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Personen: Occhipinti, S. A. (Autor) 
Sheppard, S. (Autor) 
Passchier, Cornelis Willem (Autor) 
Tyler, I. M. (Autor) 
Nelson, D. R. (Autor) 
Titel: Palaeoproterozoic crustal accretion and collision in the southern Capricorn Orogen: the Glenburgh Orogeny
Quelle: Precambrian research. Bd. 128. H. 3/4. S. 237 - 255
Erscheinungsjahr:    2004
ISBN / ISSN: 0301-9268
URL der Originalveröffentlichung doi:10.1016/j.precamres.2003.09.002
Zeitschriftenaufsatz Zeitschriftenaufsatz
Sprache: Englisch
Open Access:
Person der Universität:    Passchier, Cornelis Willem  In UnivIS suchen 
Einrichtung: Institut für Geowissenschaften
DDC-Sachgruppe:    Geowissenschaften
DFG-Fachgebiet: Geologie und Paläontologie
ID: 16359  Universitätsbibliothek Mainz
Informationen zu den Nutzungsrechten unserer Inhalte Informationen zu den Nutzungsrechten unserer Inhalte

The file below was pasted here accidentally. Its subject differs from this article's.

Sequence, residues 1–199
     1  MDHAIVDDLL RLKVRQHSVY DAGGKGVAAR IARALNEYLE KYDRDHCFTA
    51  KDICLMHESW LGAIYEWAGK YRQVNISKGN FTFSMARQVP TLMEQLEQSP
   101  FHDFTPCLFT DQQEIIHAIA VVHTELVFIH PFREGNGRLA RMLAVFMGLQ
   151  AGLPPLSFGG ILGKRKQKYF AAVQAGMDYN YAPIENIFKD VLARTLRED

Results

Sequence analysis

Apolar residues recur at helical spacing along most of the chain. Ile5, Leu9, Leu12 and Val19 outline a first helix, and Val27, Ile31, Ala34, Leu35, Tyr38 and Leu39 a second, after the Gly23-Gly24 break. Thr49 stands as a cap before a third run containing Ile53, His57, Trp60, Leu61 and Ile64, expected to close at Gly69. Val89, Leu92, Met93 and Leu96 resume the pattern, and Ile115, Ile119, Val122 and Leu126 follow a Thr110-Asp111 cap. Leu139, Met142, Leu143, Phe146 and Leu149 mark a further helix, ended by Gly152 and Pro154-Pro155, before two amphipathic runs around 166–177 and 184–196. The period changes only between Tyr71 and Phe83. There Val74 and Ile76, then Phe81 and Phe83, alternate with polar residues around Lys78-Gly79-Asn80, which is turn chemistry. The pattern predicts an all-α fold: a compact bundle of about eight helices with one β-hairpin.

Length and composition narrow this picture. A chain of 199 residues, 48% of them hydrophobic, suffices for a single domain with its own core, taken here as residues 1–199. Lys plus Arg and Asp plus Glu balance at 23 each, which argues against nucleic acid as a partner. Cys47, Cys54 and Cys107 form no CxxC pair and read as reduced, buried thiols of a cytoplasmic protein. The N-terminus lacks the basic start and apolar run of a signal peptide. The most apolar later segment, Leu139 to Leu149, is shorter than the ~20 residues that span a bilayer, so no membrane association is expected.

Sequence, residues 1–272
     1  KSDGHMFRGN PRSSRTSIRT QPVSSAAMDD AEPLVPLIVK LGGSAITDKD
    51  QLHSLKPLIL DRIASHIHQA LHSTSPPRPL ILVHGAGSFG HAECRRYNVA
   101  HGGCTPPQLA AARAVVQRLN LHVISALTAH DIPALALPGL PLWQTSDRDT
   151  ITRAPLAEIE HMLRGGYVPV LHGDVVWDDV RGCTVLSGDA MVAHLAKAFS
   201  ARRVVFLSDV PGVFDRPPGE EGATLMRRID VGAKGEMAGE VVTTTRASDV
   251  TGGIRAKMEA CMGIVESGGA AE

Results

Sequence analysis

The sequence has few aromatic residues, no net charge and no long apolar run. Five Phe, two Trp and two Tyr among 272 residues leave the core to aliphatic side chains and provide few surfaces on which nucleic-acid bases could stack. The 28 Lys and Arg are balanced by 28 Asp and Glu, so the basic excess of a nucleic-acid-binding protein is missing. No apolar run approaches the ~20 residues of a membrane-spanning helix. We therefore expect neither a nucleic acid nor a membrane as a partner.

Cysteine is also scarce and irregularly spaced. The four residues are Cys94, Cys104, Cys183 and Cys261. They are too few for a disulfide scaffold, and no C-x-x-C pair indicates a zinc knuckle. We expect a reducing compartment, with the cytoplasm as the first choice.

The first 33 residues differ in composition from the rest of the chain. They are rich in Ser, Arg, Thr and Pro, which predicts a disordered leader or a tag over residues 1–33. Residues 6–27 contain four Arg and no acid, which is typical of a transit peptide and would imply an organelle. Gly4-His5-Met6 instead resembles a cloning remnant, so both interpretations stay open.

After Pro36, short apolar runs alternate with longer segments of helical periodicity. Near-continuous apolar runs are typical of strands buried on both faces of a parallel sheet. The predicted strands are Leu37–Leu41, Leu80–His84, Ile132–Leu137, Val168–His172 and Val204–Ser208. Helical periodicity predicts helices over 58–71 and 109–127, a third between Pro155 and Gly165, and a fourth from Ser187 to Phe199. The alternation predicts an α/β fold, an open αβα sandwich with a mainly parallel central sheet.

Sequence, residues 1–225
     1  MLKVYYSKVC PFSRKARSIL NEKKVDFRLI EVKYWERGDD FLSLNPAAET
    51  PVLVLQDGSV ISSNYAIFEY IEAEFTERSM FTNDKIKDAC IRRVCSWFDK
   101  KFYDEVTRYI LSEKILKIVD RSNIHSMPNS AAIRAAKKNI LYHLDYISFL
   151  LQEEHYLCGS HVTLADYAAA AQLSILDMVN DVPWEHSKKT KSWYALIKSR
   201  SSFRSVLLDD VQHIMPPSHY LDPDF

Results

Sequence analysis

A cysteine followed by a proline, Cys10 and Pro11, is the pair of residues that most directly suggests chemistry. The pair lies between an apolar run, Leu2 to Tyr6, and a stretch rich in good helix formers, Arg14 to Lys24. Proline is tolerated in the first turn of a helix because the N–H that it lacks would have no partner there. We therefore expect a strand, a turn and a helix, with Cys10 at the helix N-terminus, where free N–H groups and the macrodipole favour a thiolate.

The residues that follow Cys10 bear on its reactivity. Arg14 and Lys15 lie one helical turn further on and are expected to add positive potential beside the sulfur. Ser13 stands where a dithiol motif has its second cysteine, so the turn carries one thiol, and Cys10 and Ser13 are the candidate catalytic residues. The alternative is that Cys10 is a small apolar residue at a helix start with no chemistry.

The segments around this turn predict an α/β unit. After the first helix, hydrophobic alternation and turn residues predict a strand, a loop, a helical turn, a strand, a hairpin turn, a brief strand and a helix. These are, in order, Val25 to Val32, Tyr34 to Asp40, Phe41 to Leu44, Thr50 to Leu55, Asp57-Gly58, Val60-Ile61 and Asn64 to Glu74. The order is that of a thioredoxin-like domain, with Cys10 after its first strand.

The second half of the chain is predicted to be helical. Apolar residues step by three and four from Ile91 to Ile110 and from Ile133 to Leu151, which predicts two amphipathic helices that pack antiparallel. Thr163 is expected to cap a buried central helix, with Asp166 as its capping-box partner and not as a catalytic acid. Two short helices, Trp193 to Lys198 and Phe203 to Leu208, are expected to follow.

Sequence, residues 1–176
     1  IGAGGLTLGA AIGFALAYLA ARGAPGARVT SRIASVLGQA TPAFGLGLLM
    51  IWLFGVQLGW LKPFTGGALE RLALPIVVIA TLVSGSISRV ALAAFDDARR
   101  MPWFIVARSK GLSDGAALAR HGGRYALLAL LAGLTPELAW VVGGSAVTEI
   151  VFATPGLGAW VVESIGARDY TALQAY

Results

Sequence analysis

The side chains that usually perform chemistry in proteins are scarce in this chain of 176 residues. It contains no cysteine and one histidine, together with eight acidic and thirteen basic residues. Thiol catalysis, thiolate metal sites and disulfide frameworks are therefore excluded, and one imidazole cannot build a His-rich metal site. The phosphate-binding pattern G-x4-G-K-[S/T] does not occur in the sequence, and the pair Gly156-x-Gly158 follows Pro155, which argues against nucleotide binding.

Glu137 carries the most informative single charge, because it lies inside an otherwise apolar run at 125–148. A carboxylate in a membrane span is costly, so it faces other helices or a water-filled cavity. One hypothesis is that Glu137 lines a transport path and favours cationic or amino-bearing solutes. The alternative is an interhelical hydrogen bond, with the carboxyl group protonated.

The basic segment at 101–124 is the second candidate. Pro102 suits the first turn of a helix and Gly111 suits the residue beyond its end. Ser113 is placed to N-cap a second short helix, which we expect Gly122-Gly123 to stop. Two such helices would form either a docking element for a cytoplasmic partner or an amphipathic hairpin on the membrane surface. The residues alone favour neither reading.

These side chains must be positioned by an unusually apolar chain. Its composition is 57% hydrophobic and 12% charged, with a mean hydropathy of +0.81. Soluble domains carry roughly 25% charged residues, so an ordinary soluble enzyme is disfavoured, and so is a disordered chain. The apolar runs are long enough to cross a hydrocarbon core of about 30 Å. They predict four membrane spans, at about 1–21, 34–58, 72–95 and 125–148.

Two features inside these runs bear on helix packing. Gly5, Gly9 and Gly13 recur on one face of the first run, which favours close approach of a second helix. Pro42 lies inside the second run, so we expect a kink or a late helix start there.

Abstract: The Capricorn Orogen in central Western Australia records the Palaeoproterozoic collision of the Archaean Pilbara and Yilgarn Cratons. Until recently only one orogenic event was thought to be the cause of this collision, the 1830-1780 Ma Capricorn Orogeny. However, recent work has uncovered an older event, the Glenburgh Orogeny that occurred between 2000 and 1960 Ma. The Glenburgh Orogeny reflects the collision of a late Archaean to Palaeoproterozoic microcontinent (the Glenburgh Terrane) with the Archaean Yilgarn Craton and is therefore tectonically distinct as well as significantly older than the widespread 1900-1800 Ma tectonothermal events recorded in northern Australia. The Glenburgh Terrane preserves a different history from either the Yilgarn or Pilbara Cratons. Granitic gneiss protoliths dated at ca. 2550 Ma were intruded by widespread granite magmatism dated at 2005-1970 Ma, accompanied by high-grade metamorphism and deformation throughout the terrane. At ca. 1960 Ma silicic granite of the Bertibubba Supersuite intruded the northern margin of the Yilgarn Craton along the Errabiddy Shear Zone, a crustal-scale shear zone that today marks the contact of the Glenburgh Terrane and Yilgarn Craton. At ca. 1950 Ma silicic dykes intruded the southernmost part of the Glenburgh Terrane, marking the end of the Glenburgh Orogeny. East of the Glenburgh Terrane the Glenburgh Orogeny resulted in the cessation of mafic volcanism in the Bryah Basin, and the basin's eventual closure. Siliciclastic, carbonate and chemical sedimentary rocks were deposited in the Padbury Basin that formed a retro-arc foreland basin on top of the Bryah Basin, and probably records the later stages of the Glenburgh Orogeny collision.
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